6. Talk about heroes… I am working diligently to incorporate your two books by making “little bets” that further my mission and are at the same time increasing my marketability (So Good They Can’t Ignore You) and developing a daily practice (Deep Work) to design and execute these bets. I just received and read Ryan Holiday’s new book as well, and I am using it as a guide for my creative work. Both you and Tim Ferriss inspire me to focus on the important and remove all else. I presently work as an executive is a small bank with 80 employees. To develop a laser focus of accomplishing what is most important, I use Pareto’s Law (80/20), Parkinson’s Law (give myself unreasonably short deadlines) and fear-setting (to make sure my moves are not too bold as to harm my overall mission). I’m heartened that you and Ryan are friends. How I would love (and how I will work to accomplish) becoming a peer of yours, so that I can have conversations with you, Ryan, and Tim!

  7. Communication skill is one of the most important factors for becoming successful in a life. A completely talented person without having any communication skill is of no use, but a person having a good communication skill with less talent will have more chance to gain success in life. Freshers should focus completely on their communication skill to get success in their field.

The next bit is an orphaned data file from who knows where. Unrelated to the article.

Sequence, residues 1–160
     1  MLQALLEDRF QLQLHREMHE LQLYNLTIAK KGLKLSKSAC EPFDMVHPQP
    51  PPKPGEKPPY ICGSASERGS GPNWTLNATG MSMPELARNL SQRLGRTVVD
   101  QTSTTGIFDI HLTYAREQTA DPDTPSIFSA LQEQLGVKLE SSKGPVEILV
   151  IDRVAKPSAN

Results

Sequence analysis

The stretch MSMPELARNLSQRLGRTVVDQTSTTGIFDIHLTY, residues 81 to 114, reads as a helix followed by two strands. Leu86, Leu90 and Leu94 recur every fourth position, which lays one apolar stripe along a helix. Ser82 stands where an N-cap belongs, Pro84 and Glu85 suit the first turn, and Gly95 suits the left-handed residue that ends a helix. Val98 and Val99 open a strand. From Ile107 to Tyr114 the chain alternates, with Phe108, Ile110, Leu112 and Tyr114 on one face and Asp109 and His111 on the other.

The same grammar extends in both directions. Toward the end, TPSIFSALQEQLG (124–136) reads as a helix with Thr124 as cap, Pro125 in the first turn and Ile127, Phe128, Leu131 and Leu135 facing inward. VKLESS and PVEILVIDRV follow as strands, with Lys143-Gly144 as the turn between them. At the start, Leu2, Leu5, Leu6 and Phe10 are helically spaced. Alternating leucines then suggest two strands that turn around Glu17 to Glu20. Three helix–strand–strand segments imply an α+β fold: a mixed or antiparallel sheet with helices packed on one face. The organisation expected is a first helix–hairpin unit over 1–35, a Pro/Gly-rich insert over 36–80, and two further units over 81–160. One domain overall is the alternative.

8. This is so refreshing to read.

    I work in an industry where it’s customary and expected to respond to emails immediately. I gave this up several years ago, in favor of your deep work approach. What I have found is that

    (a) once people understand why I don’t check email incessantly, they typically get it and
    (b) in cases where problems arise and people have emailed about it, but I haven’t yet responded, often those problems get resolved before I respond. It cuts down on my need to take on the energy of the drama and forces those who think they need my input to find their own solutions, fostering their growth, skills and confidence.

    In my opinion, if it’s truly urgent and truly requires input, then the best approach is a synchronous conversation – i.e, phone or in person – rather than email or other messaging service. By setting that expectation for those around me, I clear space for myself to do my deep work.